Transgender Day of Remembrance is today, November 20. In recognition of this day, which honors transgender lives lost during the previous year, the Human Rights Campaign (HRC) and the Trans People of Color Coalition (TPOCC) released a new report documenting the "disturbingly common" violence against the transgender community.
"A Matter of Life and Death" brings to light the stories of the at least 21 trans people who have been murdered since the beginning of this year, and it estimates there have been at least 74 murders of transgender people since 2013.
“Violence against transgender people –- particularly transgender women of color –- remains an urgent, heartbreaking crisis,” HRC President Chad Griffin said in a statement. “Behind these harrowing statistics are real people who were worthy of safety, dignity, and long, full lives. This epidemic of violence serves as a powerful reminder that lives literally depend on each and every one of us to stand up against hate and violence wherever it occurs.”
The report begins by recounting the story of Monica Loera, a trans woman who was shot and killed at her home in Austin, Texas in late January, and it ends with the story of Noony Norwood, who was shot and killed in Richmond, Virginia earlier this month. Of this year's 21 victims, the report found 96 percent were people of color and 85 percent were trans women.
"When homophobia, racism, sexism, and transphobia are combined, it can have fatal or deadly consequences. Because of all of the different prejudices that trans women of color can face with their intersecting identities, it has often put them at the crosshairs of hate," Sarah McBride, National Press Secretary for HRC, told NBC OUT.
While the report notes there were at least 21 murders of transgender people this year, McBride told NBC OUT the number could possibly be higher -- and she said accurate data regarding anti-LGBTQ hate crimes is needed in order to fight back against this type of violence.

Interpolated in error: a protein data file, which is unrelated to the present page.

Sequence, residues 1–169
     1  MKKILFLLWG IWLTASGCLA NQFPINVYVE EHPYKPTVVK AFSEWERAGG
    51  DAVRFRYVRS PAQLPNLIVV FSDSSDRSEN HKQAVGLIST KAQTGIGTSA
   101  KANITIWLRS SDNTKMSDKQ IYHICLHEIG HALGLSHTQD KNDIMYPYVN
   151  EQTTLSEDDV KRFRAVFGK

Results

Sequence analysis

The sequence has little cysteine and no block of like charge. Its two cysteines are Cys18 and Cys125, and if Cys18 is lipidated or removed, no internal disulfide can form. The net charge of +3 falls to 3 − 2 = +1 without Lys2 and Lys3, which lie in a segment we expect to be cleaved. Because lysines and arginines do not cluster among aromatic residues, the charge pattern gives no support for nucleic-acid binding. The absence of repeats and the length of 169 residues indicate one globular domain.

"Reports of fatal violence against transgender people are routinely silenced, made invisible, underreported and undercounted," said HRC President Chad Griffin and TPOCC Director Kylar W. Broadus in a joint statement included in the report.
The Matthew Shepard and James Byrd Act requires the FBI to track data related to gender-based hate crimes, and the "Matter of Life and Death" and report calls for local law enforcement leaders to "make data reporting a priority" and "make certain that all crimes where there is evidence of prejudice are reported to the Federal Bureau of Investigation."
"We have to continue to push against anti-LGBTQ stigma and prejudice. Making sure the data is more accurate so we can get a picture is a tangible step. We also need law enforcement to be trained and respectful of transgender people," McBride told NBC OUT.
"Pushing against stigma and prejudice means passing comprehensive anti-discrimination laws that protect LGBTQ people from prejudice in employment, housing, public accommodations and federal programs. A lot of people facing violence are those who have faced discrimination in other aspects, those who have been pushed out of their homes and are forced onto the streets. It requires all of us to demand change and to not tolerate hate, and we must push policymakers to fight that same fight," McBride added."